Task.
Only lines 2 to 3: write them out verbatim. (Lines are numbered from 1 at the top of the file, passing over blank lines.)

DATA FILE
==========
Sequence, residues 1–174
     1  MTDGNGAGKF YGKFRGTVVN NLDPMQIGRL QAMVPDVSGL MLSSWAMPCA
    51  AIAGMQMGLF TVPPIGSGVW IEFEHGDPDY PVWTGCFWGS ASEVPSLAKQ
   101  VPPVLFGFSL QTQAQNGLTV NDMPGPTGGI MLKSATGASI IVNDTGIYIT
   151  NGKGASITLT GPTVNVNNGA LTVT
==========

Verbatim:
     1  MTDGNGAGKF YGKFRGTVVN NLDPMQIGRL QAMVPDVSGL MLSSWAMPCA
    51  AIAGMQMGLF TVPPIGSGVW IEFEHGDPDY PVWTGCFWGS ASEVPSLAKQ